The Museo Nacional de Antropologia, or National Museum of Anthropology, is both the largest and most visited museum in all of Mexico. Located in Mexico City’s Chapultepec Park, the museum boasts an enormous collection of artifacts and exhibits relating to the pre-Columbian heritage of the country. This includes Mayan and Aztec pieces, such as the famed Stone of the Sun, which is the original Aztec calendar stone.
El Tajín was an important gulf coast city, founded by the Classic Veracruz culture. Most of the buildings at the site were constructed between 600 – 900 AD. Surrounded by the green jungle, these ruins are believed to have been the political and administrative center of the entire civilization. Today, visitors can see more than 150 identified buildings, although just a dozen are restored and open to the public at any given time. Of note is the Pyramid of Niches, the most impressive structure at the site.
There are several places to go whale watching in Mexico, but none is so spectacular than San Ignacio Lagoon. Located off the coast of Baja California Sur, the lagoon is the winter home to a number of Eastern Pacific gray whales. During the winter months, gray whales come to give birth in the shallowest parts of the lagoon. San Ignacio Lagoon is now Latin America’s largest wildlife sanctuary, and there are many guided boat tours that allow visitors to get up close and personal with the gray whales.
Bonampak is an ancient archeological site in the state of Chiapas. While there are many Mayan structures at Bonampak worth exploring, the most famous is the Temple of Murals. This temple is where the Bonampak Murals can be found, a collection of ancient art that helps explain the history and culture of the Mayans. Hundreds of figures were painted in three different rooms, each of which tells a part of a narrative in bold turquoise, red and yellow hues.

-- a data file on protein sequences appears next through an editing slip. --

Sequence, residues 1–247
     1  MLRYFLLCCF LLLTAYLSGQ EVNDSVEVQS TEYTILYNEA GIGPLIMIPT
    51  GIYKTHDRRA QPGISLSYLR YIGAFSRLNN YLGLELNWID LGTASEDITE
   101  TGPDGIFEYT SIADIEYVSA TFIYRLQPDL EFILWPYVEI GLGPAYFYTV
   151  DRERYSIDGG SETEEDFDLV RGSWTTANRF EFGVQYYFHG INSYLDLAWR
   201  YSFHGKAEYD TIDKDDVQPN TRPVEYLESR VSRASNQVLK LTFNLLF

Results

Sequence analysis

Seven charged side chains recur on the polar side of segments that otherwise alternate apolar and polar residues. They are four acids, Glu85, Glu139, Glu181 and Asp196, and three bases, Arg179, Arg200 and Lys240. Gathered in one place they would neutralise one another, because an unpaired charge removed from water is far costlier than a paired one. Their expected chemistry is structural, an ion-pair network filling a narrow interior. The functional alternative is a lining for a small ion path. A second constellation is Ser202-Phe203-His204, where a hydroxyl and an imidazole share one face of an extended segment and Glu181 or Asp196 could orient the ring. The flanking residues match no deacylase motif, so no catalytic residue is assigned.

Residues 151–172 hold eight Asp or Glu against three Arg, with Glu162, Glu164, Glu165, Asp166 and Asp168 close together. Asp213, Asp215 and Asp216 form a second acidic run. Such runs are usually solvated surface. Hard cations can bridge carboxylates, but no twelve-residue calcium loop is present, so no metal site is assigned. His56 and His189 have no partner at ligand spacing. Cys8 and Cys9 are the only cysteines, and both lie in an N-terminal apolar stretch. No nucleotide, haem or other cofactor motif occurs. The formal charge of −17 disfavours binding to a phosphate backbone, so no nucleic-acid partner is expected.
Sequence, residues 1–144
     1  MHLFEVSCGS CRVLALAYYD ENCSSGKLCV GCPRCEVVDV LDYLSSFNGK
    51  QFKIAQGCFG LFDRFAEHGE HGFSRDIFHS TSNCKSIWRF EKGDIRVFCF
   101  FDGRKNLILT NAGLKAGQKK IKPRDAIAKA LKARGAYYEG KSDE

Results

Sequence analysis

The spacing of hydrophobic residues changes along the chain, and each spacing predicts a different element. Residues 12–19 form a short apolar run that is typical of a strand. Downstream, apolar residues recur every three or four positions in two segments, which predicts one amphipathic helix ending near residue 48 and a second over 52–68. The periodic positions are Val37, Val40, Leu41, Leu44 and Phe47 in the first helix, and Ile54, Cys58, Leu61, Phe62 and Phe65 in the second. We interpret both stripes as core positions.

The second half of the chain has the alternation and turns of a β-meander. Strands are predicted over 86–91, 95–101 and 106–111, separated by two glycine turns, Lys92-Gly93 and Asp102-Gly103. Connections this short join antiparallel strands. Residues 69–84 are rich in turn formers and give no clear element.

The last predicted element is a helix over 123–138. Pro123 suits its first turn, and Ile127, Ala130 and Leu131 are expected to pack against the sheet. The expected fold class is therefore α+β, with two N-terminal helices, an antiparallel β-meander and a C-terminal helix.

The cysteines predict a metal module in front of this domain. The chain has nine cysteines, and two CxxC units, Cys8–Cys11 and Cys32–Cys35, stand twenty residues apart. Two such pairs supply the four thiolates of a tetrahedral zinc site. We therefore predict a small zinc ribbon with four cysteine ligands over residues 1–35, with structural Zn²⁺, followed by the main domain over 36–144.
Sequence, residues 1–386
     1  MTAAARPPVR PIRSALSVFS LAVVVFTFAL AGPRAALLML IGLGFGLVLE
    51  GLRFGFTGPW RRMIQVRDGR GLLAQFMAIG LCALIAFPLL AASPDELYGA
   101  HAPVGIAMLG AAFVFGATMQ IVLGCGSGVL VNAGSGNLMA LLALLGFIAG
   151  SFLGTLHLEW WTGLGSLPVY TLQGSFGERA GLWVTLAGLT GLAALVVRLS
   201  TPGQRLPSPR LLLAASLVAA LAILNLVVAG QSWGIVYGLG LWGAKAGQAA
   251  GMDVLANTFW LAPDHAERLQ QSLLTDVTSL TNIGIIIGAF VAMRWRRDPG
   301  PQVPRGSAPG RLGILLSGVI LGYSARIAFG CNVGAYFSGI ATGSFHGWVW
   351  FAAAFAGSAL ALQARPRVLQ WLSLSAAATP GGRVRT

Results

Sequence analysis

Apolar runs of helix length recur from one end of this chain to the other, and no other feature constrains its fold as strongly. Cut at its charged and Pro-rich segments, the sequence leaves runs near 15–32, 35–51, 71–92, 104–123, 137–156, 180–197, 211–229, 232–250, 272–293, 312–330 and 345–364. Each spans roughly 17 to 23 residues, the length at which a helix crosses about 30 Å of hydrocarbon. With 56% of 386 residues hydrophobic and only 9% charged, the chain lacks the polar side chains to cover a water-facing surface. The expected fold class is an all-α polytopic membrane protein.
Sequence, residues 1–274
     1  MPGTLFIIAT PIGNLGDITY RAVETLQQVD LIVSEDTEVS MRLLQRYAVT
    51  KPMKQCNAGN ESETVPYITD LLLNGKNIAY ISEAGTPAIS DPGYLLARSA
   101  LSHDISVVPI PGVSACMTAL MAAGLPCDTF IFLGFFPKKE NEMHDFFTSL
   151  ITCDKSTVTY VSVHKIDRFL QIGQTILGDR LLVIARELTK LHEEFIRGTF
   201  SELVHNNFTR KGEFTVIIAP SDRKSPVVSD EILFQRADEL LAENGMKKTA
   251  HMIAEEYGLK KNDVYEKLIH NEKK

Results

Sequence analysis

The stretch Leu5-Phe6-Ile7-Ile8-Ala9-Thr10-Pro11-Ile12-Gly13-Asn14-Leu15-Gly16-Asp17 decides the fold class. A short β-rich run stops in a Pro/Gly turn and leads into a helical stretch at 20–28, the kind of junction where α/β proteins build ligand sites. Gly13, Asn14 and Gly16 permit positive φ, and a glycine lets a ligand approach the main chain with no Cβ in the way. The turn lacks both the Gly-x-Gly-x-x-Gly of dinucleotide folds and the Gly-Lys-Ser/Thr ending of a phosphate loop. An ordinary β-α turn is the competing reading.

Surrounded by the blue waters of the Caribbean Sea, just eight miles from Cancun, is Isla Mujeres. This island is a hotspot today, but it also has significance for the region’s cultural heritage. Isla Mujeres, which translates to the island of women, was sacred to the Mayan goddess of childbirth. Today, travelers arrive by ferry from Cancun to relax on the scenic beaches, visit the local turtle farm, scuba dive or snorkel in the clear waters or just relax away from the Cancun beach crowds.
El Templo de Santa Prisca, or the Santa Prisca Church, is a magnificent Baroque structure located in the city of Taxco. Built in the 18th century, the church is a colonial landmark that was commissioned by a prosperous Spanish mine owner. Made from pink stone, boasting large twin towers and decorated with tiles, this is an ornate monument that no architecture enthusiast would want to miss. Inside, nine enormous altarpieces stretch from the floor to the ceiling, and each is covered in gold.
Acapulco is the original Mexican resort town which came into prominence by the 1950s as a getaway for Hollywood stars and millionaires. No visit to Acapulco is complete without watching the cliff divers perform their impressive jumps into ocean. They have been doing it since the 1930s, although today the divers are professionals. You can see the dives from a small platform by the cliff for a small entrance fee, or eat at the La Perla restaurant which offers a good view of the divers.
Just outside of Tulum is Cenote Dos Ojos, one of the country’s largest underwater cave systems. The name means the cavern of two eyes, referring to the two sinkholes connected by a long passageway. The water in the caverns is filtered through limestone, making it exceptionally clear. As a result, Cenote Dos Ojos is wildly popular with both snorkelers and more serious scuba divers, some of whom head deep into the underwater cavern.
There is no shortage of things to do, see and explore in Mexico City, but a top attraction is unquestionably the Catedral Metropolitana. It is the oldest and the largest cathedral in Latin America, and the 16th century structure dominates the city’s central plaza, known as the Zocalo. The architecture is a blend of styles, including heavy influences from baroque and Mexican churrigueresque design. In addition to the architecture, the Catedral Metropolitana boasts an extensive art collection as well as catacombs beneath the main structure.